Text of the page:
Any reasonable, well-read person might ask: Is there really anything more to be said about Truman Capote, the flamboyant queen of literature who shocked America with his openly homosexual first novel, “Other Voices, Other Rooms” in 1948?
After all, he was a regular fixture on TV talk shows in the 70s and early 80s. With his high-pitched voice, he minced and preened and dished dirt about all sorts of things with Dick Cavett and Johnny Carson. And he became a rock star of “New Journalism” with his 1966 nonfiction novel, “In Cold Blood,” while working for The New Yorker with his Alabama childhood pal, Harper Lee.
In between “Other Voice” and “Blood,” there was 1958’s “Breakfast at Tiffany’s,” which was later turned into a highly popular movie starring Audrey Hepburn, although Hepburn’s Holly Golightly was way toned down for Hollywood.
And if all that weren’t enough, Capote was a fixture at Studio 54 and gained everlasting social fame when he hosted the lavish Black and White Ball at the Plaza Hotel in New York on Nov. 28, 1966.
All of this, however, came crashing down with Capote’s increasing use of alcohol and drugs. And life really turned south when Capote published the first few chapters of “Answered Prayers,” which was supposed to be a novel of high society but went unfinished and caused an uproar because of its thinly disguised protagonists.
One of those protagonists, Babe Paley (wife of the CBS-TV mogul) was highly offended. She had been one of the longtime so-called swans of Capote — a group of wealthy women who shared their secrets with the writer. Other society figures dumped Capote, too, in allegiance with Babe.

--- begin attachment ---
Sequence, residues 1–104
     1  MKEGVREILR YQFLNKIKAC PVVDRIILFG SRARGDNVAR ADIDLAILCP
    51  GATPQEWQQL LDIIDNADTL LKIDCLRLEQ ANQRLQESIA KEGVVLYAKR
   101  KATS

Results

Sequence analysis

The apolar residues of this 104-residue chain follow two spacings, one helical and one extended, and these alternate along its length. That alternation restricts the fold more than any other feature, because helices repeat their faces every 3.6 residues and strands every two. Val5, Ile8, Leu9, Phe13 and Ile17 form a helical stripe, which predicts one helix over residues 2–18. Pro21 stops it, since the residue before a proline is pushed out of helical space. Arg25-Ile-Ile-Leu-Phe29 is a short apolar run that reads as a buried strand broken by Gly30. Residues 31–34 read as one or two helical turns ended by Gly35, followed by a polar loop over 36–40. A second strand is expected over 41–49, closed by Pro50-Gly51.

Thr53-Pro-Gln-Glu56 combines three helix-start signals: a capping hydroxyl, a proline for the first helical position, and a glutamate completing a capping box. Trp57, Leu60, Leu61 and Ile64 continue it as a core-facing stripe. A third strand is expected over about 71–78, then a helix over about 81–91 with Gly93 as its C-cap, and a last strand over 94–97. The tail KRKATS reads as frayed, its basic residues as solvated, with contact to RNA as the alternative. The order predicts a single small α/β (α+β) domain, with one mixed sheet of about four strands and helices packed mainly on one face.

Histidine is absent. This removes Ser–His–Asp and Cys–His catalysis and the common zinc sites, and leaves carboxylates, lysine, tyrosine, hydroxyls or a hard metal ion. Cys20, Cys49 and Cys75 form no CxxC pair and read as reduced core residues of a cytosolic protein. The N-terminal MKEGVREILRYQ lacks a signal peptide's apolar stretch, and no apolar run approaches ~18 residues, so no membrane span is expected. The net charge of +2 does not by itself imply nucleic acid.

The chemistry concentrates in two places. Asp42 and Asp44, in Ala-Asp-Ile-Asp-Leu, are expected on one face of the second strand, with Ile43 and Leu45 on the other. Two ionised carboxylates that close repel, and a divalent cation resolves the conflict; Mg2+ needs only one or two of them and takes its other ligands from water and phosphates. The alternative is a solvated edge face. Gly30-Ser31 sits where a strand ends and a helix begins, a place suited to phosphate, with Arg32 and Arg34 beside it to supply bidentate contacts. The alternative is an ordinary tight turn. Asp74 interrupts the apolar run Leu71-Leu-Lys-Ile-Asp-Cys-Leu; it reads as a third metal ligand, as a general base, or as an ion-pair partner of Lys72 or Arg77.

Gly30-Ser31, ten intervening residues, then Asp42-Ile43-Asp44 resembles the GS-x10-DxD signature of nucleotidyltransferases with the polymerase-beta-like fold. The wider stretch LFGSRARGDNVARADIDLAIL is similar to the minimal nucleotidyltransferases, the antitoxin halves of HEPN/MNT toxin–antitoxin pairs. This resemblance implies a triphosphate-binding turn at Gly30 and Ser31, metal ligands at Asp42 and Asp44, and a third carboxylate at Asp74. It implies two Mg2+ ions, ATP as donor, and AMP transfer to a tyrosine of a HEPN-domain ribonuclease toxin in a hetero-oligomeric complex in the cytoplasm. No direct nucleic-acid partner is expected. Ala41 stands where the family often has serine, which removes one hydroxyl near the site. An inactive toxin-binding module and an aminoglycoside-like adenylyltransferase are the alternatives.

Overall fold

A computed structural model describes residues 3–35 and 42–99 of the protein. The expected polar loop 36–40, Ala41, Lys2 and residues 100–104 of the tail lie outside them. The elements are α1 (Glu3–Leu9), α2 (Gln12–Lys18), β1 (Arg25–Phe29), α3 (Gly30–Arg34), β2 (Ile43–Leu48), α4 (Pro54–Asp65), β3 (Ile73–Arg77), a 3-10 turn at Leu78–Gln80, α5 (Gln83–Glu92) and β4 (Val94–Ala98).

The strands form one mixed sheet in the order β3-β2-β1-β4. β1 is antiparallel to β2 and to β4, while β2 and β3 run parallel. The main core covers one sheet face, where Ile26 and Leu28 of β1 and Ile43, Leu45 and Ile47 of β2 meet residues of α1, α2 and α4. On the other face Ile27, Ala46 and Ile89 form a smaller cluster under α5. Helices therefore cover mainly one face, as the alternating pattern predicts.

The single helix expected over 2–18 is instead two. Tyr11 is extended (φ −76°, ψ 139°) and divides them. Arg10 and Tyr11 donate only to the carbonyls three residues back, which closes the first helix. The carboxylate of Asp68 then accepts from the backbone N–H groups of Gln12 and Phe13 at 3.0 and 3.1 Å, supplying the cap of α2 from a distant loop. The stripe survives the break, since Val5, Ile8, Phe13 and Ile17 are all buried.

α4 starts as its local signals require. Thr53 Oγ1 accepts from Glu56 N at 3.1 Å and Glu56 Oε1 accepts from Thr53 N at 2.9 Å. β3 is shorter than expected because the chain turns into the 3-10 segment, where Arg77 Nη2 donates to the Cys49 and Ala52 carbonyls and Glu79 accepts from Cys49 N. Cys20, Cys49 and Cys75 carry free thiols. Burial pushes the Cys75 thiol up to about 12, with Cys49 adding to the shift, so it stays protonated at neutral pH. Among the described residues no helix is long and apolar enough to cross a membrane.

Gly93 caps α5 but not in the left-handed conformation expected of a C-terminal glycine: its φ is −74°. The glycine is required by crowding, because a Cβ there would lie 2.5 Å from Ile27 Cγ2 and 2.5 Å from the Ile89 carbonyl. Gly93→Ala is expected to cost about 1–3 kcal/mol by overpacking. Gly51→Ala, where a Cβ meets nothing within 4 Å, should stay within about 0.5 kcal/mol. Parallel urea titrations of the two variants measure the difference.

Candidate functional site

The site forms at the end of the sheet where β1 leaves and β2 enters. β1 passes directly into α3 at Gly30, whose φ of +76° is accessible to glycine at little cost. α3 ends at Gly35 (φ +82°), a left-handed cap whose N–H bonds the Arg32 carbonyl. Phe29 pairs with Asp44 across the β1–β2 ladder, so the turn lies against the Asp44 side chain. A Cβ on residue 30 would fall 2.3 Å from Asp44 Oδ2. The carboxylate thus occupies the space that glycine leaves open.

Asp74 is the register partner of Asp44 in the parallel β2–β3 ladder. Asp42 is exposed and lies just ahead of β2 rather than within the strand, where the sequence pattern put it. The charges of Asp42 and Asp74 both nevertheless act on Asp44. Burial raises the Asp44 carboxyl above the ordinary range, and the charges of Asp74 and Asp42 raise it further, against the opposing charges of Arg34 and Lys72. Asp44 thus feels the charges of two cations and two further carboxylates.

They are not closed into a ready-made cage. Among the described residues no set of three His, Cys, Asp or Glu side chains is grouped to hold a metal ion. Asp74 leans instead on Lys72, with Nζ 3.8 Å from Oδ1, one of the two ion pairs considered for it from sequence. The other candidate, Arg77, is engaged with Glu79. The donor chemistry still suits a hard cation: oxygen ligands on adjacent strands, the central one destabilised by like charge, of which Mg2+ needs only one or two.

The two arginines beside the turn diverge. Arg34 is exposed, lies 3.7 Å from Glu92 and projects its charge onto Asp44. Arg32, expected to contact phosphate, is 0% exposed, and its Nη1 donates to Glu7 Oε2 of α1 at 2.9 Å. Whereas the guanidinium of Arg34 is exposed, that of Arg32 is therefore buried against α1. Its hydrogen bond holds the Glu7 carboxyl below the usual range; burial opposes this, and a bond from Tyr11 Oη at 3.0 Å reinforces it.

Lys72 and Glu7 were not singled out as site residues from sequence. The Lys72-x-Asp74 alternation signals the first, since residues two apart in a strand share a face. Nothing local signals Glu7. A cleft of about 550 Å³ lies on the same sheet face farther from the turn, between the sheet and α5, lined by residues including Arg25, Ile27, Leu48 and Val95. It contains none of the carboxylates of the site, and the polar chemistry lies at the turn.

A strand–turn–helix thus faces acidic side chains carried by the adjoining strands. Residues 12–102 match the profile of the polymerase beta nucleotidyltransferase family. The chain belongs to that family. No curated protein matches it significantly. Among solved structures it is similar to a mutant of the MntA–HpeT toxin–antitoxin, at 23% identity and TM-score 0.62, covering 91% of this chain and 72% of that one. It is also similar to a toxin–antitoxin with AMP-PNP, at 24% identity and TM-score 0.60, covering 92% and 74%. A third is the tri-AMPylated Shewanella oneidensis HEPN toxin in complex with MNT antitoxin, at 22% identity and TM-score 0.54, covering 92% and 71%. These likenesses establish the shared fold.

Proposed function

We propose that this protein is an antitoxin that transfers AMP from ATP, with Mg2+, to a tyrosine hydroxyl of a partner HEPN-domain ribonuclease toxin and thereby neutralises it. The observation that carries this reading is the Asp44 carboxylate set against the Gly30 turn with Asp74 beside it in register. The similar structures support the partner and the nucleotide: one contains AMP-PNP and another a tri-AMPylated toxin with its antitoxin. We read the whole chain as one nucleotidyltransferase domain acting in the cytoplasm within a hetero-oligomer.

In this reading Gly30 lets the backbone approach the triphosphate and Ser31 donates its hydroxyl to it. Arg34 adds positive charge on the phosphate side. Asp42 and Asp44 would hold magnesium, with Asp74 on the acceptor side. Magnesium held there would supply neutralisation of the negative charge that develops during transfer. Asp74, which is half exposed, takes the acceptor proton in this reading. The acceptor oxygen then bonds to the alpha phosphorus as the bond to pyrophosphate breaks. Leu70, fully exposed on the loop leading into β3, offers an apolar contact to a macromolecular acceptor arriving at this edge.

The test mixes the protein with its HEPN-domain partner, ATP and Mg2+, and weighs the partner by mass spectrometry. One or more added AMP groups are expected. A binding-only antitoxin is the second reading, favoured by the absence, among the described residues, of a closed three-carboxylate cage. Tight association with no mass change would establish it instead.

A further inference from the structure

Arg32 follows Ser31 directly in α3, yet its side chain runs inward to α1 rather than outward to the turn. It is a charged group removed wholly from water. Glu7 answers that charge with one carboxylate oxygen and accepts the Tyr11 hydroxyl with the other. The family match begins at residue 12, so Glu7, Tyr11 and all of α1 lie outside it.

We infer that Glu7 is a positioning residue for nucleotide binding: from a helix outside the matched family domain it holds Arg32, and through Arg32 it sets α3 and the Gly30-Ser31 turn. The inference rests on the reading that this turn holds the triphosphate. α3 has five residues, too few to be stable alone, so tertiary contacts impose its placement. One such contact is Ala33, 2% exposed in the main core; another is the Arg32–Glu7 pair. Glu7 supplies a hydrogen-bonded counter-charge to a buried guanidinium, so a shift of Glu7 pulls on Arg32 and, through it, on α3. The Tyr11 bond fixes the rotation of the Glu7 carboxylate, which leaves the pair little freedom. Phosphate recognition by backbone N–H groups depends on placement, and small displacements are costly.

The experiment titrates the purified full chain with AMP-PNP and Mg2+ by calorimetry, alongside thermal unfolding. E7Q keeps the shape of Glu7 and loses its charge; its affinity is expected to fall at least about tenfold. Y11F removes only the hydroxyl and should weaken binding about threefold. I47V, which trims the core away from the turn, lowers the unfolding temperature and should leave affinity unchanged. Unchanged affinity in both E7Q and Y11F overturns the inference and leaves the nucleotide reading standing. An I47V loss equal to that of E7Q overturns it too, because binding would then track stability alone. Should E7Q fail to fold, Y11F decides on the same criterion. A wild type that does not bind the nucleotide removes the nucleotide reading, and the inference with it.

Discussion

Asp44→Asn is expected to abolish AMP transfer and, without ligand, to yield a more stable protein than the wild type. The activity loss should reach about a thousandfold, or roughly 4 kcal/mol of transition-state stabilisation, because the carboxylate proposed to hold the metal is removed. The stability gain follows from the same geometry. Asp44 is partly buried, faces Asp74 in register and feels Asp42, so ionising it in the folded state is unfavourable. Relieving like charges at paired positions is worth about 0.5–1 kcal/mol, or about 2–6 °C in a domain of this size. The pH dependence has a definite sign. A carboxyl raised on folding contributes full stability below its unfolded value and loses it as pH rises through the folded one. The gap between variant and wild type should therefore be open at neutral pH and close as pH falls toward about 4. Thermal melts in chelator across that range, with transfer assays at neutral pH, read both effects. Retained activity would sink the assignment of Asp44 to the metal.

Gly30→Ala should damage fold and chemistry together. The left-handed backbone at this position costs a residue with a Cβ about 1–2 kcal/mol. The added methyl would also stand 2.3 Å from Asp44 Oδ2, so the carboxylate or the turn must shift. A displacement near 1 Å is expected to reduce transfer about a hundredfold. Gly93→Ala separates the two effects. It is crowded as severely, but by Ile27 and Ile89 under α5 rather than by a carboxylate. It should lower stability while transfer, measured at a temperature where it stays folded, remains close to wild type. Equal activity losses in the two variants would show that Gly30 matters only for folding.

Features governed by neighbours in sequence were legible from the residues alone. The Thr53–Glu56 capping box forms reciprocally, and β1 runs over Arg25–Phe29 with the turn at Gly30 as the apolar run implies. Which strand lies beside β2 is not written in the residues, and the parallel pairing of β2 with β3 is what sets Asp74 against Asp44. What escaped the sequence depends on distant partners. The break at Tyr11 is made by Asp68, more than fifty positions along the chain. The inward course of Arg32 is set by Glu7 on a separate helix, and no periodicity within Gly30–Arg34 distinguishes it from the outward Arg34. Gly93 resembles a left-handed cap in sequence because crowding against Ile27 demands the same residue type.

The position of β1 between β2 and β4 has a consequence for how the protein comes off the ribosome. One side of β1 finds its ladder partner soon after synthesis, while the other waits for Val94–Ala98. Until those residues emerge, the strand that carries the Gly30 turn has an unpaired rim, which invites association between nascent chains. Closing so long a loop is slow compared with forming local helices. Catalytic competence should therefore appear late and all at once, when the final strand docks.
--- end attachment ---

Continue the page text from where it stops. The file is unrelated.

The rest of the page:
Despite all of this being well-known, first-time documentary director Ebs Burnough delivers an interesting tale, interspersing the film with new interviews with such writers as Norman Mailer, Dotson Rader and Colm Toibin.
Mailer remembers accompanying Capote to a roughneck bar and seeing how the diminutive character dealt with the glares and curiosity of the patrons. And Mailer comes to realize that Capote was much braver than many thought.
Rader, for his part, does quite good impressions of Capote and relays lots of witticisms. Rader also makes a good case that Capote believed he was never loved.
The movie is based, in part, on audiotape recordings by George Plimpton, who in 1997 compiled an oral history of Capote by interviewing his friends and enemies.
“The Capote Tapes” kicks off the aGLIFF Film festival on Aug. 6. The festival runs through Aug.16, and it’s virtual this year because of the pandemic. To view movies and see the festival’s offerings, visit agliff.org. Access to the festival can be obtained by visiting agliff.org/badges.